These deals, while significant, have failed to move the markets. They are, however,important signs of fundamental strategic reorientation at major pharmaceuticals,which should lead to a pick-up in growth and profitability as of 2008, a theme wehave highlighted before.
Major medical technology firms continued to struggle with problems from therecent past. The drug eluting stent market took a nosedive over persistent safetyconcerns about these devices, while the much anticipated ICD market recoveryhas so far failed to materialize. Here, we are somewhat less optimistic about theimminence of a recovery, particularly for drug eluting stents. We note, however,that the traditional orthopedic manufacturers continue to do well.
Specialty pharmaceuticals and generics stand out with the strongest news-flowsince the beginning of the year. Major generic players such as Teva, Stada andZentiva all reported solid 2006 results and expressed optimistic views about 2007.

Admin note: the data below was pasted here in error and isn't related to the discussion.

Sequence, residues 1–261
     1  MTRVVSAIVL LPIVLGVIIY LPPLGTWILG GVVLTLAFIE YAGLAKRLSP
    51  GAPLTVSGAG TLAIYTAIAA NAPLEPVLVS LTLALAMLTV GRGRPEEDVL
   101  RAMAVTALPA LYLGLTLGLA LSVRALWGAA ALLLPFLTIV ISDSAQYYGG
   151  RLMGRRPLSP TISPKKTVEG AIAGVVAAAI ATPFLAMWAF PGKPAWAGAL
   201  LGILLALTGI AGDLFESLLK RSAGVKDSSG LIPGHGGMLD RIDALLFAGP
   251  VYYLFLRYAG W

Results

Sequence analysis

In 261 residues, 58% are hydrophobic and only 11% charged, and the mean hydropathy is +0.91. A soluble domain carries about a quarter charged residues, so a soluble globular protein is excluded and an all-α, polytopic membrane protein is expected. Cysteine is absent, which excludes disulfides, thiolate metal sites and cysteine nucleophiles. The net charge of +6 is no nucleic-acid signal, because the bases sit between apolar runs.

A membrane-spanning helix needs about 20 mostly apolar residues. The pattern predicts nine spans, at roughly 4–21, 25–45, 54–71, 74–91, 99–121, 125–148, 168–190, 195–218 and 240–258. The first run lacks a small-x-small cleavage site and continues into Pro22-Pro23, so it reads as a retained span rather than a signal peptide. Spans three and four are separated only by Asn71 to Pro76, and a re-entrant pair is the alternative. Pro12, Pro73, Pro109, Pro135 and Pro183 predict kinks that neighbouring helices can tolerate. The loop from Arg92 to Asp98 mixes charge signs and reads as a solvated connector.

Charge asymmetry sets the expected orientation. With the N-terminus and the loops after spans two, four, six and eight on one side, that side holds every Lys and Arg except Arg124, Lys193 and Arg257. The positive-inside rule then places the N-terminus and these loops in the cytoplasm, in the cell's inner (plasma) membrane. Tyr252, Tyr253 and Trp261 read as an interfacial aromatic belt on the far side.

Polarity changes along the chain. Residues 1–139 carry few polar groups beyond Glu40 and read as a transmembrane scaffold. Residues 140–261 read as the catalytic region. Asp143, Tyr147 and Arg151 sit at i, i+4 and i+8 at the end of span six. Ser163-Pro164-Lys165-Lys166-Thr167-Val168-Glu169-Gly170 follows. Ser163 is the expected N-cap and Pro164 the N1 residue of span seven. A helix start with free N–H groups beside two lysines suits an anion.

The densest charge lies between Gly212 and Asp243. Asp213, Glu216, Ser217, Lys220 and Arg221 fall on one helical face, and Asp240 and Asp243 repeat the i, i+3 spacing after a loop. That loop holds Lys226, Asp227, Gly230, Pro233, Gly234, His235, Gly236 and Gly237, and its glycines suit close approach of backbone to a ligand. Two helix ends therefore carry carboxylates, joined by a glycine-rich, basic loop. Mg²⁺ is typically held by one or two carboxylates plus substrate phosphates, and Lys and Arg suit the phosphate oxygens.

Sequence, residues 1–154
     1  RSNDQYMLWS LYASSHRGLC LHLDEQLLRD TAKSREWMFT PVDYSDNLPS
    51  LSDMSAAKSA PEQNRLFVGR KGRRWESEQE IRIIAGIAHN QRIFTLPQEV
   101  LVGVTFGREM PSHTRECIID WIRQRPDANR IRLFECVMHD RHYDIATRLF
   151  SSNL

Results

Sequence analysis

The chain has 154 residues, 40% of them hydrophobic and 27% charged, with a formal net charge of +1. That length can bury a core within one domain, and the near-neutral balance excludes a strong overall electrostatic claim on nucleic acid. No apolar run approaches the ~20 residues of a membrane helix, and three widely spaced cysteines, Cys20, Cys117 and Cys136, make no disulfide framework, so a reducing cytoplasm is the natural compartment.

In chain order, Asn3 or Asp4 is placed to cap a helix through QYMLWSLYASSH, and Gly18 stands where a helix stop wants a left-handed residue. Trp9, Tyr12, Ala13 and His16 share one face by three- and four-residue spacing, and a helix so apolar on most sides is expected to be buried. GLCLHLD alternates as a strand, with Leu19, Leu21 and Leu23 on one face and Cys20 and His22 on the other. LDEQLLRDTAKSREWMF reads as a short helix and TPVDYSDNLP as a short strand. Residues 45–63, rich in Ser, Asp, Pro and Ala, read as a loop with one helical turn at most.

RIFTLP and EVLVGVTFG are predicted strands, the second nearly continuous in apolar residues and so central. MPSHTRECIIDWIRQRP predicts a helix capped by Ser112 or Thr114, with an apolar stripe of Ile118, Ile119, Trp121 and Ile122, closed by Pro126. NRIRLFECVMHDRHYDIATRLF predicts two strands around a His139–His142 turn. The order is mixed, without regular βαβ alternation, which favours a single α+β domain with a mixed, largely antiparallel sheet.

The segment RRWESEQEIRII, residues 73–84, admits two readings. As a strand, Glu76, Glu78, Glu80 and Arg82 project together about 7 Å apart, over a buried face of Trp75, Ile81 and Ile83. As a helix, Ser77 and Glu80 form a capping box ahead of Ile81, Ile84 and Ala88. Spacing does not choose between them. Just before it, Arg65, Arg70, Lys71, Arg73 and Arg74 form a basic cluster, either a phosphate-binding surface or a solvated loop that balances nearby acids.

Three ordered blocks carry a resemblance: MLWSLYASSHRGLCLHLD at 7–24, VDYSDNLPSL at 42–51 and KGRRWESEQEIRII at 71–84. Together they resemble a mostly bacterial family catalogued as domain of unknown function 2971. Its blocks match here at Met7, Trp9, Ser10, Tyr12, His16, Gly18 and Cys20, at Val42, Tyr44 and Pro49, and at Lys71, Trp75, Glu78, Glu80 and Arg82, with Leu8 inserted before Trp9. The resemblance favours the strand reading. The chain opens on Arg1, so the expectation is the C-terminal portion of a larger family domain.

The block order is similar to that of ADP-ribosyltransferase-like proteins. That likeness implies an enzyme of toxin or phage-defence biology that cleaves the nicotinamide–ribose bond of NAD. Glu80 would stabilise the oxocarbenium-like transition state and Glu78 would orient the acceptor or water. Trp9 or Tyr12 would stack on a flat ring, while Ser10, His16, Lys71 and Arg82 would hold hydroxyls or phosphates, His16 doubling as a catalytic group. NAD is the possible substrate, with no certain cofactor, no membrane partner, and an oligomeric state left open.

M&A continued with Shire’s acquisition of New River for USD2.6bn and Zentiva’spurchase of a 75% stake in Turkey’s Eczacibasi for EUR460m, highlighting theinteresting potential existing in eastern European markets (discussed in previouseditions of our Newsletter). On the legislative front, we note the introduction ofa bill to prohibit authorized generics, the "Access to Life Saving Medicine Act"which could pave the way for a regulatory pathway for biosimilars, and potentialrestrictions on the ability of innovator companies to settle with generics.
Although none of these are assured of being passed, they could have a positiveimpact on the generics sector (especially the authorized generics in the short term).